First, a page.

Formula 1 is known to overtime make innovative discoveries. The teams search piece by piece for loopholes in the regulations to outwit the competition. According to Williams engineer Rob Smedley it becomes increasingly difficult to come across any. That's why James Allen put five of the best finds in recent history in view.
A system developed by Renault, mass dampers is a weight suspended between two springs – to help with the vibration and tyre bouncing of its double championship-winning R25 car in 2005.
Renault also used it on its R26 and it began to be copied by other teams. Following the French Grand Prix in 2006, the FIA took action and banned the device.
Ferrari was the first team to move mirrors onto the sidepods of its 248 F1 back in 2006 and several other teams – including Renault and Red Bull – made a similar move to find an aerodynamic gain in the years that followed.
Drivers began to complain about poor visibility, and so the FIA ruled that mirrors had to be fitted on the cockpit sides on safety grounds following the 2010 Chinese Grand Prix.
Brawn GP, Williams and Toyota, started the 2009 season with a double diffuser fitted to the rear of their cars after spotting a loophole in the regulations. The devices generated massive amounts of downforce in the season when F1 had moved to greatly reduce the number of aerodynamic parts teams could run on their cars.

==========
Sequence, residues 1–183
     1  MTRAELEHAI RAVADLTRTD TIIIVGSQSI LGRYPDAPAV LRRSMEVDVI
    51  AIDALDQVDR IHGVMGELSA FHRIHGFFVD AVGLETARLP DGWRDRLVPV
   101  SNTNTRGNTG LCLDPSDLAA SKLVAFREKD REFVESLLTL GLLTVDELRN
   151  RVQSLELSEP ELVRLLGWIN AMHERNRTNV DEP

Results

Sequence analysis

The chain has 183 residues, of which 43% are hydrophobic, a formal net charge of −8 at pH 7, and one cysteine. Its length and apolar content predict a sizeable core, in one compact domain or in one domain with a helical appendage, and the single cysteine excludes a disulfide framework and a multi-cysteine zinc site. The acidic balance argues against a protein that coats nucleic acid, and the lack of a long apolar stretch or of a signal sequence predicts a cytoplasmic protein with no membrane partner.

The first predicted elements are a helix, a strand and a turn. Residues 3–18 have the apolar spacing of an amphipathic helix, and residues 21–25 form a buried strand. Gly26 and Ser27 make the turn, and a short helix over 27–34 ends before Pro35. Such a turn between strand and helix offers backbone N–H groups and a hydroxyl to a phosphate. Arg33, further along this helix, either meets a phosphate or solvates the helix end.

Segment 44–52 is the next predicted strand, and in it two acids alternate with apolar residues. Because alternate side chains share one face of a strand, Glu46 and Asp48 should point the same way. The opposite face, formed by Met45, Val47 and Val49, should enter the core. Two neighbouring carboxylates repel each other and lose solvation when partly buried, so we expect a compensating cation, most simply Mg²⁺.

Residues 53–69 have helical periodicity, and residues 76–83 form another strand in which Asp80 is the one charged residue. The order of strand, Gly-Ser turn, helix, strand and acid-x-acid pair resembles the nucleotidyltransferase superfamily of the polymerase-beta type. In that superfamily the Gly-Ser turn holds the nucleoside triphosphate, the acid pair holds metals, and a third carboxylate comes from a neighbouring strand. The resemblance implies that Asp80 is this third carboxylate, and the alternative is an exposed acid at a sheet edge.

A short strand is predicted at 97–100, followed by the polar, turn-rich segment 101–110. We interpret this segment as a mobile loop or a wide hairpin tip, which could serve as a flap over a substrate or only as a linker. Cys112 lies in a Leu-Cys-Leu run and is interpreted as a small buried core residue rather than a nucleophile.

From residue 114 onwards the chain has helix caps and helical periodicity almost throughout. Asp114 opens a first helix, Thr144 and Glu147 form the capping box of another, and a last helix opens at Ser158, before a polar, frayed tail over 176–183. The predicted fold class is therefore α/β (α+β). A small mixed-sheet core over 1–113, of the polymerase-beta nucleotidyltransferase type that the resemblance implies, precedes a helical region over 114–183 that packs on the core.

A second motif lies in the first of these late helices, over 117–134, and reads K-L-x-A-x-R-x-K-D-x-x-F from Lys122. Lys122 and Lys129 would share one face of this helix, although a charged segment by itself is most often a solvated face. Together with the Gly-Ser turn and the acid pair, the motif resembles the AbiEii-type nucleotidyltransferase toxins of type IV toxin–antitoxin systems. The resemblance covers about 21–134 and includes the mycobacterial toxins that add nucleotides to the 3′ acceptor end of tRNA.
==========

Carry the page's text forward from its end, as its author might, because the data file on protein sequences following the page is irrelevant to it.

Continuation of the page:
Several squads lodged an official complaint but the FIA ruled the double diffuser was legal and the teams without the device had to work to create their own version and keep up.
McLaren started the 2010 season with its F-duct fitted to its MP4-25. The system provided an aerodynamic speed advantage, as its drivers were able to alter the air flowing from the front of the car and down the shark fin engine cover to help stall the rear wing.
The device was quickly copied by rival teams but after some variations forced drivers to take their hands off the steering wheel to activate the F-duct it was banned for 2011.
In 2014, Red Bull attempted to incorporate F1’s mandatory onboard cameras inside the nose of the RB10 to minimise their impact on the air moving over the front of the car.
Whilst such an approach was technically allowed by the regulations, the team was forced to fit the cameras more prominently after the FIA stepped in ahead of that season’s Monaco Grand Prix.